Guy Harvey Logo
Open Blue Sharks

UN’SHUCKING’BELIEVABLE

2016-02-16
JJ Waters
Share

How Louisiana's oyster shells make the incredible journey from reef to table and back to reef.

Imagine looking out your window and a seeing a piece of land the size of a football field disappearing.  Now, imagine a football field vanishing every 45 minutes.  If you live in Southeastern Louisiana that’s your window.  Louisiana’s estuarine wetlands are disappearing at an astounding rate. Since 1930, 1,900 square miles of wetlands have been lost, and it’s estimated that 34 years from now, by 2050, another 700 square miles will be gone.


You might be thinking, “Wow. How terrible for Louisiana.” But the fact is, it’s terrible for all of us.  40% of our wetlands (48 contiguous states) are in Louisiana.  And 80% of annual losses are occurring there. The wetlands provide a number of functions and values (flood protection, water filtration, wildlife habitat, recreation, subsistence, etc.) and are vital to our ecology and economy.  There are many, reasons to protect the wetlands; and one of those is Fisheries.

We need Louisiana wetlands.

75% of the nation’s commercially harvested seafood comes from estuarine wetlands.  1/3 of the nation’s oysters, and ¼ of all blue crabs come from Louisiana. And from a recreational fishing standpoint, Red Drum, Tarpon, Trout, Flounder, Bass, Jack Crevalle and numerous other recreational species depend on the wetlands for their survival.

This issue is at such a critical point that Louisiana has developed a $50 billion plan to reverse the effects that both humans and nature have caused.  Both governmental and non-profit organizations are doing their part to address this issue, and one organization, the Coalition to Restore Coastal Louisiana (CRCL) is tackling the problem in a unique way.

They decided to just bag it.


In 2014, with the aid of a $1million grant from Shell, the CRCL launched the Oyster Shell Recycling Program (OSRP). OSRP recycles oyster shells from local New Orleans restaurants and then uses them to rebuild oyster reefs and shoreline habitat.  Once the new oyster reef is built, new oysters begin to grow, which in turn, improves water quality, provides fishing habitat, supports the local economy and acts as a protective storm barrier.

The OSRP depends on a lot of help. First, you and I eat the oysters from one of the 25 participating New Orleans restaurants, then, they recycle the shells.  A local recycler, Phoenix Recycling, picks them up and delivers them to a curing and storage area donated by the Department of Wildlife and Fisheries, in Buras LA.  Six months later, volunteers jump into action to complete the cycle. So, how do they get from the curing pile back to the water?

Dickie Brennan gave me an opportunity to find out first-hand.

Along with employees from Dickie Brennan & Co., Shell, CRCL, and other volunteers, I was invited to go to Buras, LA for a shell bagging day.  Bagging the shells is the last step in completing the recycling process before returning the shells to the wetlands.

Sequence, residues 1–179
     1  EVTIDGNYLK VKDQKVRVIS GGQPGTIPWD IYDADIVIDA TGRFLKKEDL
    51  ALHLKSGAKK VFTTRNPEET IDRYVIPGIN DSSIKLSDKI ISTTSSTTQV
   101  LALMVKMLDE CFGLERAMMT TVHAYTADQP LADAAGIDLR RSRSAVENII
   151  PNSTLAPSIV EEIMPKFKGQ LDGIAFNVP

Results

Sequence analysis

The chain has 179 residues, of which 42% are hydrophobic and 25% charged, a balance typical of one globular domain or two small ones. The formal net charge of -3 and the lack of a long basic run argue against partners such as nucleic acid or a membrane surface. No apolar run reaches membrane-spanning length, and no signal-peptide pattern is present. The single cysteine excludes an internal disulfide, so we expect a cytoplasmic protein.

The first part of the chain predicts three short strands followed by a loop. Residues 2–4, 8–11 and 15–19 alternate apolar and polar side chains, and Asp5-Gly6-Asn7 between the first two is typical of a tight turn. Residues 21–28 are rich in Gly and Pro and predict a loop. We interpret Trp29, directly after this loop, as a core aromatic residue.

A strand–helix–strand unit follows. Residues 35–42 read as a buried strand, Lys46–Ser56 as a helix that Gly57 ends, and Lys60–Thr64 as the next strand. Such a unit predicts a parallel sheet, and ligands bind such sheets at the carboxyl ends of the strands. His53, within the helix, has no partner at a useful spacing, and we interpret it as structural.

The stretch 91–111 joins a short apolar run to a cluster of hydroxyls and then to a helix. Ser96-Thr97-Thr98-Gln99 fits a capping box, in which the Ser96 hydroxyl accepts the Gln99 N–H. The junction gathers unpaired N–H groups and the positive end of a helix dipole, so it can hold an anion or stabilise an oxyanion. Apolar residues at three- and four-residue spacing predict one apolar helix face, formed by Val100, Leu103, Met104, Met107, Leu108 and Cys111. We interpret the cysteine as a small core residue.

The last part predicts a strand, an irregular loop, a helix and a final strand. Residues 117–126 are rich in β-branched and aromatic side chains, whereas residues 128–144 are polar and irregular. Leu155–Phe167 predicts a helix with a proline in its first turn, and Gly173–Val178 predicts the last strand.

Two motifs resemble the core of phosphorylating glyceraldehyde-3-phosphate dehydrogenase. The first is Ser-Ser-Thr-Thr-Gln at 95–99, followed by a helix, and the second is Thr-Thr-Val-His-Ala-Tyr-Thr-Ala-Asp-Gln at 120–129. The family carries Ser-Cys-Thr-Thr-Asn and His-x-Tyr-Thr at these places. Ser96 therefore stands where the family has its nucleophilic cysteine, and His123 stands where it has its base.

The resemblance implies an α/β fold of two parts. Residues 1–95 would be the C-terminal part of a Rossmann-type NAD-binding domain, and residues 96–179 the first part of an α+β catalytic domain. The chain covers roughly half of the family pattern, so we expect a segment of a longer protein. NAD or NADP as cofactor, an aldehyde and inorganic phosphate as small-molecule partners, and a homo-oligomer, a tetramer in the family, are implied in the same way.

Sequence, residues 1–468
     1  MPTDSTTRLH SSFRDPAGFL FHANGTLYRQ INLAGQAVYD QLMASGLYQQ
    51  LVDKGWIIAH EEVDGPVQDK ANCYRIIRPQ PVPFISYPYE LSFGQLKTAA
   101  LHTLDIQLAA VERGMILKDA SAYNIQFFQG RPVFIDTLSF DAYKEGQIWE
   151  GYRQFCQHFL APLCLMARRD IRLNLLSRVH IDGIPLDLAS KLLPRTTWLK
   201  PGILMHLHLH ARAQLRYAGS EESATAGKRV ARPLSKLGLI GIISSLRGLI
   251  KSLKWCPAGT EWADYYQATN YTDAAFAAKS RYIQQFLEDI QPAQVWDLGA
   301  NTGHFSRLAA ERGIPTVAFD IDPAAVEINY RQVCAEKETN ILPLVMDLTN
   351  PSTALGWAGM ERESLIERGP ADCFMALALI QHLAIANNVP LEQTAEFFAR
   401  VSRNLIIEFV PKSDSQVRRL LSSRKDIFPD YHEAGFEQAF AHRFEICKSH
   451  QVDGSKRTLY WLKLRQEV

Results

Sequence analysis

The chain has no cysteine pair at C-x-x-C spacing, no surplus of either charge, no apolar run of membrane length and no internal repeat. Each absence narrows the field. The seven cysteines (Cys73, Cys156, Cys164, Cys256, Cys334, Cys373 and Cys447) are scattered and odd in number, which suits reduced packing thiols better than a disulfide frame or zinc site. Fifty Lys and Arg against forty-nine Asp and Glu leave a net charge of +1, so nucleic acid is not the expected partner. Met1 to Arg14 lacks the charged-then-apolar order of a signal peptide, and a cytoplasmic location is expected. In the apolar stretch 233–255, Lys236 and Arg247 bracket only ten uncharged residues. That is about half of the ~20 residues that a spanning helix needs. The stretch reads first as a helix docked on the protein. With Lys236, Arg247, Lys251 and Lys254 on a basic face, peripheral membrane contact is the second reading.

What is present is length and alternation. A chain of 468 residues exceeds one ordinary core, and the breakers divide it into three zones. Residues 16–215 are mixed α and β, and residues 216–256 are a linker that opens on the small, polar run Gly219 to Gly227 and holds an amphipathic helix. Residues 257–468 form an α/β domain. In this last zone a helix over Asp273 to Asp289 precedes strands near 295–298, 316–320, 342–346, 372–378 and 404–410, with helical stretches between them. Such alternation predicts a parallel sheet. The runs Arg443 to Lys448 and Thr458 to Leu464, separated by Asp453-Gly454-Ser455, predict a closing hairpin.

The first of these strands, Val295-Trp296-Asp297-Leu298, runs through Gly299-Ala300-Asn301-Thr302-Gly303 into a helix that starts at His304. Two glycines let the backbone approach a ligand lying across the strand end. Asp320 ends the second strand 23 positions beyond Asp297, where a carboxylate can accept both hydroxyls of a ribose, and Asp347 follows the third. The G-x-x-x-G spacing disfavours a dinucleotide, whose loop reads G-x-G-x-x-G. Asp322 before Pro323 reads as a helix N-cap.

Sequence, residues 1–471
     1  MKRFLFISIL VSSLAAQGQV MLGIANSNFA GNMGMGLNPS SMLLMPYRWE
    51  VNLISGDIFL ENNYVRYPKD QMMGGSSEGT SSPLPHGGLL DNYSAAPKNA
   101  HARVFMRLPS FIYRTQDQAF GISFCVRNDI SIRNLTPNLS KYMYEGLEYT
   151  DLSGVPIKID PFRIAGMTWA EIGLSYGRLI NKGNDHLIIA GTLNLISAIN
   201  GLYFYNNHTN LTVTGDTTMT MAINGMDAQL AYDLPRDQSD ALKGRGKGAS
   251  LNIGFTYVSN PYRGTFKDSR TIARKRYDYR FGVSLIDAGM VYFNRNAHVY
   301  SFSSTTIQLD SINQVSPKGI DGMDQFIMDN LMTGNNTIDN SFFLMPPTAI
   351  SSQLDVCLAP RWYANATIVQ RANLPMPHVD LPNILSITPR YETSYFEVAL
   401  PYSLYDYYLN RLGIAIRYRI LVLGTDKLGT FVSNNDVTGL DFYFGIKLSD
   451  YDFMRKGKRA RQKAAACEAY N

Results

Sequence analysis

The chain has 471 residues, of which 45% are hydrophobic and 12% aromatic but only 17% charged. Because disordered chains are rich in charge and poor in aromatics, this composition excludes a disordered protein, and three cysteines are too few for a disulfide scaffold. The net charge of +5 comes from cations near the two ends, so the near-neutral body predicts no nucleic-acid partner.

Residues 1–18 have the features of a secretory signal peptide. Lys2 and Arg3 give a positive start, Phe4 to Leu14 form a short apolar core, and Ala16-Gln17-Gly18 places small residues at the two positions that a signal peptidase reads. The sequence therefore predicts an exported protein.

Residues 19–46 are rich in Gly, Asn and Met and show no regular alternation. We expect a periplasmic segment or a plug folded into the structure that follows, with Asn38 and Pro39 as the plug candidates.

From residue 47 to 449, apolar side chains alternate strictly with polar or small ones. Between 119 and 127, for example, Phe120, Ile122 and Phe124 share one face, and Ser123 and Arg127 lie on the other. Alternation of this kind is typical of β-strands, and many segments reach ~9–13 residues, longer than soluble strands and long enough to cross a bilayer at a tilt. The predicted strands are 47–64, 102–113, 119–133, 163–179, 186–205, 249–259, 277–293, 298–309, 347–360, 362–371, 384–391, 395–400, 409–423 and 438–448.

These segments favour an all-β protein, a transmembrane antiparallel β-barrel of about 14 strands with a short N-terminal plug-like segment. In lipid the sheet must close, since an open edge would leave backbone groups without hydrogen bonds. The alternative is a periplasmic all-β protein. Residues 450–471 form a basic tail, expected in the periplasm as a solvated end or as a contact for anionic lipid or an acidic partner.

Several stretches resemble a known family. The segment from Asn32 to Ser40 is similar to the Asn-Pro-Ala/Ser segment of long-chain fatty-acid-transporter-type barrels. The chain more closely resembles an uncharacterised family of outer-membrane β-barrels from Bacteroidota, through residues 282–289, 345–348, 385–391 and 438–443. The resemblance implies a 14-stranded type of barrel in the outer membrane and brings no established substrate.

After donning our boots and gloves, and a brief “shoveling and bagging” tutorial from CRCL, we dug in.  (One wouldn’t think it necessary to be taught how to shovel shells, but quite frankly, they had some pretty good pointers on how NOT to do it, for which I was grateful, later on.)

We shoveled the shells into mesh bags that would be transported to the Biloxi Marsh in St. Bernard Parish.  By the end of our day, we had shoveled 19 tons of recycled oyster shells!  I felt rather proud of our accomplishment… until I learned that we needed another 1,281 tons to complete a ½ mile reef.  I reminded myself that neither Rome nor a Biloxi Marsh reef, were built in a day.

Aside from the sense of accomplishment in doing one’s part, and being outdoors on the water, the greatest delight for me was the people I met. (I decided you can learn a lot about a person when you shovel shells side-by-side all day.)


Every single person there that day took immense pride in doing something important to make a difference and did it with great joy.

As Rick Tallant, Shell’s Gulf of Mexico East Asset Manager, said, “Many of the Shell volunteers who came out here today call Louisiana home and are very fond of the culture and love to be able to support the community.  We really view this event as a win-win for the community, the environment, for everybody. Shell is proud to be involved with this great event alongside our colleagues from Dickie Brennan’s, who have been fantastic partners in supporting the Oyster Shell Recycling Program.”

And it occurred to me, as we drove back north to New Orleans, and I watched the Buras coastline sink from my view, that for everyone else on that bus, this was their window.

*For more information on The Coalition to Restore Coastal Louisiana and the Oyster Shell Recycling Program or how you can volunteer visit http://www.crcl.org/programs/oyster-shell-recycling.html

*For more information on artificial reefs in Louisiana visit: http://www.fishla.org/louisianas-artificial-reef-program/

*For more information on wetlands loss visit: http://www.wild-lab.com/courses/wetlands/research/landloss.htm

*For more information on Shell’s Sustainability Programs visit: http://www.shell.com/inside-energy/oyster-shells-recycling.html

Bagged shells ready to go back to the reef Share